Even more than partying, though, the spiking cases among millennials, who are a favorite generational scapegoat for just about everything, are likely because young people are also the ones returning to work in droves at the behest of governors who view the health of the economy as more vital than their constituents’ physical wellbeing. Nearly 60 percent of all bar employees, 49 percent of all restaurant and food service employees, and 41 percent of hair salon employees in 2017 were people between the ages of 21 and 36, Business Insider estimated last year. It’s people in such service industry jobs who are among the most at risk of exposure to COVID-19, being as they are among the least financially free to choose not to return to work. And because young people frequently have only mild symptoms, if they’re symptomatic at all, there’s an even larger chance of going to work feeling fine and spreading the disease.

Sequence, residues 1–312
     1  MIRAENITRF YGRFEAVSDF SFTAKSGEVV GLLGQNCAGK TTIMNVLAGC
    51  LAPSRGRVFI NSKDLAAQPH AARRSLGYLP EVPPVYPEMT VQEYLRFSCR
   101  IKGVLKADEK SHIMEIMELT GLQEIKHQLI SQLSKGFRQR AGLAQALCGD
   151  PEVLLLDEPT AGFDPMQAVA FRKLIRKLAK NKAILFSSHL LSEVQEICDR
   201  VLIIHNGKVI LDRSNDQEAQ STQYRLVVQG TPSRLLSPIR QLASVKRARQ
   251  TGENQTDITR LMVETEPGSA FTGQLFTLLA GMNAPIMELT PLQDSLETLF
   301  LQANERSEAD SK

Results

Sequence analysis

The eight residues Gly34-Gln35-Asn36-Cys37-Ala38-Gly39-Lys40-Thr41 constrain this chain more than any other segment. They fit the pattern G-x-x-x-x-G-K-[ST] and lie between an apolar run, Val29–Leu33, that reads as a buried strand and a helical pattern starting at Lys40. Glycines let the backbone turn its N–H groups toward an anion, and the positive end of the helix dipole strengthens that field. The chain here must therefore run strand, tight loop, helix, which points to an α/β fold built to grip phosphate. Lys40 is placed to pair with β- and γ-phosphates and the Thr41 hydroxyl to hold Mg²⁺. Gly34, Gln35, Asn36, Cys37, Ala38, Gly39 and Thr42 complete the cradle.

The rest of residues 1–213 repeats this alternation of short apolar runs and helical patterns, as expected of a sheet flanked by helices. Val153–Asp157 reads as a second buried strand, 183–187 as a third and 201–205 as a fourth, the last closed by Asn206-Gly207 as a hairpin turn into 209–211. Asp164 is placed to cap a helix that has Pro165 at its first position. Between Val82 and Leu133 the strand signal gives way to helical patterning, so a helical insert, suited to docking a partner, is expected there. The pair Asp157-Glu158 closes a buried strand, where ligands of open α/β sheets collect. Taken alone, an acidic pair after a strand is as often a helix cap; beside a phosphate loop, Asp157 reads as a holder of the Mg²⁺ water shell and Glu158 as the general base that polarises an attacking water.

In this sense, anyway, responsibility for the reignited outbreak cannot entirely be dropped on millennials; it is first and foremost a failure of American leadership. Authorities and pundits alike have used the relatively low number of recent deaths in order to avoid having to actually do something substantive about the ballooning case numbers. After all, other countries also have 20- and 30-year-olds, and have managed to get their cases under much better control. While it may be tempting to be optimistic about the positive tests among young people, since the vast majority won’t become gravely ill, our emerging millennial pandemic is certainly not “a good thing,” no matter how anyone tries to spin it. It’s still tragically going to be a boomer remover — one we should have been able to shut off by now.